Going back into IT after articles was like having had a career break, so I can appreciate the issues women face there. Although it was a long time ago, the principles are still valid - the need to keep up with technology changes, retain skills, keep confident, and so on.

Having said that, with IT, two years out is not in fact that long a time. It is the equivalent of having worked on one specialist job in IT for two years and then moving to a different project. That happens a lot in IT anyway. Plus, technology moves on for everyone in the industry, so anyone's skills can become obsolete if they don't keep learning and progressing to new areas.

Do see you see any differences in how women fare in the IT and the legal professions?
It's hard to generalise. Each has different ways of working depending on where you are - private or public sector, self employed or employed, small business or large organisation.

Women in IT or in law face the same basic career challenges as professional women in every sector. I think it's true that women in any field have to work harder for the same recognition. Recent evidence shows in both IT and law that many women are still paid less than men for the same work. There is also some evidence about differences in approaches to career progression between women and men.

Women often assume that if they are good at what they do, then it will be noticed and promotion will automatically follow. Not necessarily so. It is important for them to make it clear that they are good at their work and would like to be promoted, otherwise they may be disregarded.

Equally with recruitment, there is some evidence that women think they have to meet all the criteria of an advertised job perfectly before applying, whereas men realise that meeting most of them can be fine.

Is the situation changing?
The glass ceiling has not been broken, but we are more aware of it now, and therefore we know that we can do more about it. Nowadays gender bias is much more indirect than it used to be, often by individuals, and less part of an inbuilt culture. It is frequently not deliberate or malicious, but simply something that has not been thought about. Yet there is still a lot of emphasis on women's family responsibilities, a 'biology is destiny' approach, which affects some women's careers.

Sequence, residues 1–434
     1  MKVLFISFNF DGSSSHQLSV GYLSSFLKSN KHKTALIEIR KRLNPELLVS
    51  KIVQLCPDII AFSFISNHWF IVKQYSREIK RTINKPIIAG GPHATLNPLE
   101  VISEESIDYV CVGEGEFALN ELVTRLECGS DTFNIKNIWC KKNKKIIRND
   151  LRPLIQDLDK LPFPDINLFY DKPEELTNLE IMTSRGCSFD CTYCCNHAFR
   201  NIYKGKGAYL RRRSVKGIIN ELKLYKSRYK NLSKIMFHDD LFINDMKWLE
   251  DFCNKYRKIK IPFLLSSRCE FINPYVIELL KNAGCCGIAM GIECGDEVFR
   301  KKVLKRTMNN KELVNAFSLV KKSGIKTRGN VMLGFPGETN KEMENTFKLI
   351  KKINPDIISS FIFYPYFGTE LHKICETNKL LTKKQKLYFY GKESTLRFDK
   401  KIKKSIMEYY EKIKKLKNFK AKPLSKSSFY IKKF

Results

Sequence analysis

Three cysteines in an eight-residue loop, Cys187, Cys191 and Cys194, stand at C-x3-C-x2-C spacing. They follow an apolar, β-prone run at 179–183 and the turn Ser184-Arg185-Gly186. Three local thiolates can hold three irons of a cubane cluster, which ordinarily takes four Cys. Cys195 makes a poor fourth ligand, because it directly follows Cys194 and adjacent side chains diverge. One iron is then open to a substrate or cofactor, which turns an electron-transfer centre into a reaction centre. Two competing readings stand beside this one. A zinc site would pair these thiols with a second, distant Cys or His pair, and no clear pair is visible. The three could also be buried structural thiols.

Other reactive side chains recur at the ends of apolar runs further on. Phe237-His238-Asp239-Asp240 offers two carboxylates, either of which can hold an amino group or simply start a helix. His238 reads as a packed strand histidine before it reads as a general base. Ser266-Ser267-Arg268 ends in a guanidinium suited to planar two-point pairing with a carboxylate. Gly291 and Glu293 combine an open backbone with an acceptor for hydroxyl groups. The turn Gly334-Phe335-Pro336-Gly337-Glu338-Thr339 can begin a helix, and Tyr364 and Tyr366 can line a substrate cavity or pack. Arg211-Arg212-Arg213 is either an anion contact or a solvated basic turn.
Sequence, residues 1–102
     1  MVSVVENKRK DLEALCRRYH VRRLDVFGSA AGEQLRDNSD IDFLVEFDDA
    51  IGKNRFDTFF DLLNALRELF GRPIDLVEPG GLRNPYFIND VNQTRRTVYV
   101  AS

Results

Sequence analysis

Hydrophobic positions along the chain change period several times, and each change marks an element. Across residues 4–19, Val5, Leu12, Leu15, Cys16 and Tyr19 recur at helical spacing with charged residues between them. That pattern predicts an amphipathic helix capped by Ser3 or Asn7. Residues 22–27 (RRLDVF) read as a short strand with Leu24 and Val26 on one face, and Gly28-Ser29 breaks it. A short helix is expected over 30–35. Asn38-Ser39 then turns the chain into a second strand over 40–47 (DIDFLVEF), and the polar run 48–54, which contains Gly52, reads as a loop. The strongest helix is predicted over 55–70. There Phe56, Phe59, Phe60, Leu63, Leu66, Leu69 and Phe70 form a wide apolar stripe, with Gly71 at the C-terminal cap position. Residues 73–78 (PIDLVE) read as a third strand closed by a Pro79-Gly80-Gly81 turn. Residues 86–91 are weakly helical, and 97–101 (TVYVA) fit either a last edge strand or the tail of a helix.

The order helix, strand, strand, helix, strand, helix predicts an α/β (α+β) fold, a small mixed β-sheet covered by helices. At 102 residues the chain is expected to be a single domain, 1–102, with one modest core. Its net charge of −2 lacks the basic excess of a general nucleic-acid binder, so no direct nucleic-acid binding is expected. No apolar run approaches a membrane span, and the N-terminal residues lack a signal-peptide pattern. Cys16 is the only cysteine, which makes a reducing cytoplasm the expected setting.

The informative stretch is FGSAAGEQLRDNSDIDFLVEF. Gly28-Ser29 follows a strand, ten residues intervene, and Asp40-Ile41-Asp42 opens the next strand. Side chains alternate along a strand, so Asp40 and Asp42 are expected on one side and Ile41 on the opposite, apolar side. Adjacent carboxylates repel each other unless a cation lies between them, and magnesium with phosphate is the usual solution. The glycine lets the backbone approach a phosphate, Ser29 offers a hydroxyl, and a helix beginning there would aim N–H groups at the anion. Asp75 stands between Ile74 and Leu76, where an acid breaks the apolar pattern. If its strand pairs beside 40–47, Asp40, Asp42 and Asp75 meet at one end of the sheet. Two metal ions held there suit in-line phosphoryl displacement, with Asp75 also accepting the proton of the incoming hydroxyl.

Meanwhile, what is your advice to ambitious women in the IT profession?
For anyone, you spend so much time at work that it is important, if you are fortunate enough to be in a position to do so, to have both a job and a working environment which you enjoy. Remember that everyone, including highly successful people, suffers setbacks from time to time, so don't let them get you down. You have to stay positive, and believe in yourself. If there is no one else to help, you must encourage yourself. Listen to advice from other people, and evaluate it. But take responsibility for yourself and make your own decisions. If they turn out to be wrong, think again, and move on.

Sometimes you have to choose to accept something for the time being that is not ideal, but at least do so having weighed up the alternatives, and appreciating that it is a temporary working solution. Work to change the culture, but it won't happen soon. So meanwhile, individually, women have to help themselves. For example, think about joining BCSWomen. This is a wonderfully useful mutual support and social network for women in IT.

How long do you think it will take for the glass ceiling to be broken?
Our ways of working are changing as technology is evolving, so it's difficult to make any predictions. I am not very optimistic.

What's next for you?
I'm intending to spend more time developing my legal practice, writing more, and maybe looking at some academic options. Women often assume that if they are good at what they do it will be noticed and promotion will automatically follow. The glass ceiling has not been broken, but we are more aware of it now... therefore we can do more about it.